Hayes: Upon further review, these are the rules college football should change
You may not want to hear it, but you better get ready for it.
Month after month, year after year, college football is morphing into the NFL. And that may not be such a bad thing.
If you’re going to model your game after something, why not the most successful live sport in the history of television?
The NCAA may argue in court that it’s not the NFL. It may plead to protect its long gone amateur model.
But with every realignment move made by Power 5 conferences, with every NCAA bylaw changed to protect and advance a player’s ability to earn and move freely among schools, college football is becoming the NFL.
The latest potential step is simply the next move toward assimilation — albeit the wrong move.
Changing clocks rules won’t shorten college football games. Changing replay rules will.
More specifically, changing replay rules to mimic the NFL’s replay rules.
Sports Illustrated reported Monday that an FBS executive committee is considering clock rules changes to speed up games and improve player safety.
The underlying theme: Games are too long, and the players are more at risk with an increased number of potential games when the new Playoff beings in 2024. But this isn’t a fix, it’s simply delaying — pun intended — the inevitable.
So like most things college football rules changes, they’ll start with baby steps that don’t really work. This time it’s clock management, the 1 thing the NFL does better than any other sport.
NFL games start at 1 p.m. on Sundays, and by 4-4:05ish, the game is over and the next television window opens. The only thing that interrupts this symphonic flow is overtime — which also has a specific (10 minutes) time frame.
Now, we give you college football. A noon kick could last until 3:15, or 3:30 — or heaven forbid, if we get into a 2-point conversion overtime thing (if you don’t know, don’t ask, it’s inane), 3:45 or later.
Don’t get me started on the Saturday night kicks, which begin at 8 and you’re dozing off after yet another stoppage for targeting — which no one, to this very day, knows the definition. They just know it when they see it.
Here, everyone, is where the timing problem lies.
The latest proposals by the FBS executive committee — running clock after incompletions, running clock after first downs unless the last 2 minutes of the 1st and 2nd halves — will only change the few, beautiful procedural quirks college football has over the NFL.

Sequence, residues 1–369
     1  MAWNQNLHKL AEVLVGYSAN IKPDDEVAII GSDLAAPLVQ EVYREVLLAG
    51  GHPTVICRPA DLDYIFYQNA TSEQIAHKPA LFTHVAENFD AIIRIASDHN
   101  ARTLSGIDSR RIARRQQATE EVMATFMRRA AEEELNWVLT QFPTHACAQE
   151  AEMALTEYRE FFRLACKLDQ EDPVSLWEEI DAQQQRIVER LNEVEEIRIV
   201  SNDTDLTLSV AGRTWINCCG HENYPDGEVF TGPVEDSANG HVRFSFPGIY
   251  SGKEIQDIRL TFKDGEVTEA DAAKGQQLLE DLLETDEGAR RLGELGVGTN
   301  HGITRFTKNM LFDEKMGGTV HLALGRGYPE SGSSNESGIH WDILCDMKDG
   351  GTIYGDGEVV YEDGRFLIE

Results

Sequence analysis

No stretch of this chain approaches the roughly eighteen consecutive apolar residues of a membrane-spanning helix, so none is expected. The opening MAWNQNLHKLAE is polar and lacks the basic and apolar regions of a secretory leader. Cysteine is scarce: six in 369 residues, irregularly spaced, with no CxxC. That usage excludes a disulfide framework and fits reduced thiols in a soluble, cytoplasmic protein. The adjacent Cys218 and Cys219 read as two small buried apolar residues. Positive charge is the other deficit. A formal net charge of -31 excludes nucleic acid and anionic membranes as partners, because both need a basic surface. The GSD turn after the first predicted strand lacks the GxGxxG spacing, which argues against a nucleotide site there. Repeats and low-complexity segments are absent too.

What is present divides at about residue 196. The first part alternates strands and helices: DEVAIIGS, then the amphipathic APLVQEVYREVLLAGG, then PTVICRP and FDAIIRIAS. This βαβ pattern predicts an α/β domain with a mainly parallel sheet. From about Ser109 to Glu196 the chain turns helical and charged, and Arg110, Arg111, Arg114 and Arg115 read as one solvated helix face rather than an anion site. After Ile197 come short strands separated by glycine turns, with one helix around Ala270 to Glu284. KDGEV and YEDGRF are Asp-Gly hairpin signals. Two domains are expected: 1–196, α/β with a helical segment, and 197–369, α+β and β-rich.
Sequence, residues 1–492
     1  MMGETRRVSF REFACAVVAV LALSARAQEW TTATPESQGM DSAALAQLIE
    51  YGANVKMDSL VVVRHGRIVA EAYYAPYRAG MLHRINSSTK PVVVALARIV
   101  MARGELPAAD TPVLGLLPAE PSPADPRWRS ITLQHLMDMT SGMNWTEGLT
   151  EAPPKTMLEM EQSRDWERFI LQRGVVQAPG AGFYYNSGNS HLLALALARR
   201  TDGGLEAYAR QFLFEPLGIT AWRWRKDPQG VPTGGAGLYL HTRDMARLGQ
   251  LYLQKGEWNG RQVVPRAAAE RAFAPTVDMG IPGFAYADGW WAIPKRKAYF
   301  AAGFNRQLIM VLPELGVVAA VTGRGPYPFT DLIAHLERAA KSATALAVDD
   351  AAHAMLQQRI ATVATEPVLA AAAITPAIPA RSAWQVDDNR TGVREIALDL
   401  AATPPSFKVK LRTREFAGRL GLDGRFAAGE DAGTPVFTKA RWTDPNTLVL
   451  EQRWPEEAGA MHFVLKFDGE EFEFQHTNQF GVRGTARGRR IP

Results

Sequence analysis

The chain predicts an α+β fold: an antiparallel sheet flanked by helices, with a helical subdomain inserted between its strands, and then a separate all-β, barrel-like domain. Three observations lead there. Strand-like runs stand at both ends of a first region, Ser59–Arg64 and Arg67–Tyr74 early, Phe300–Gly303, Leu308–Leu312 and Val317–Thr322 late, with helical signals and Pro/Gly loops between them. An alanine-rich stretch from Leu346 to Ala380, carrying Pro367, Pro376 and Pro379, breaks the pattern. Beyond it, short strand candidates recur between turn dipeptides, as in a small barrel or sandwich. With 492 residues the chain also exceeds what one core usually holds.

Then there’s this brilliant (that’s sarcasm) idea: shorten halftime. Good luck telling the good folks at Ohio State (and every Big Ten locale) that the bands don’t mean as much as they used to.
Good luck traveling to Tallahassee and telling The Marching 100 to shave 10-15 minutes off the show, everyone. The game is lagging.
These ideas won’t shorten the game enough to make a difference, they’ll just eliminate the last pieces unique to college football. The FBS executive committee is overthinking it, and in the process, stripping the college game of personality and appeal.
The game needs to be streamlined, not desensitized and homogenized.
Look, we’ve traveled what seems like a lifetime in college football over the past 3 years. Mega brands changing conferences, players earning money off their name, image and likeness, free player movement, SCOTUS weighing in on the pay-for-play debate (that’s the next huge move on the horizon), and so much more.
If you’re going to move closer to the NFL game — closer to the one property in all of live television that is utterly bulletproof — you may as well use their replay rules, too. Because the 1 thing that extends games more than anything else is instant replay.
NFL replay is not only quicker, there’s less of it. Every play is available for review in college football, and replay booths can stop play at any point after the previous play — and sometimes after the ball is snapped — to look at the previous play.
The NFL smartly decided to use what it calls Replay Assist, where booth officials can provide assistance when “clear and obvious video evidence” is available to assist on rulings outside of coaches’ challenges.
In other words, an obvious mistake must be staring officials in the face to stop play. So obvious, in fact, that the booth tells officials on the field the correct call and spot and time in seconds. There’s no debate.
Other than that, it’s up to coaches to use 1 of the 2 challenges afforded them.
Then there’s the targeting ordeal, where minutes are used to determine if a hit was illegal. Why does it take college football much longer than the NFL, you ask?
Because targeting in college football includes immediate player disqualification and disqualification for the next 2 quarters of the following game. The decisions have a significant impact on the game and future games.
An easy fix: eliminate the disqualification. It’s a 15-yard penalty, and the game continues.
Just another smart step toward the NFL model, another move to streamline a sport that only needs a few more tweaks to find the sweet spot.
Not a bastardization of the rules by overthinking it.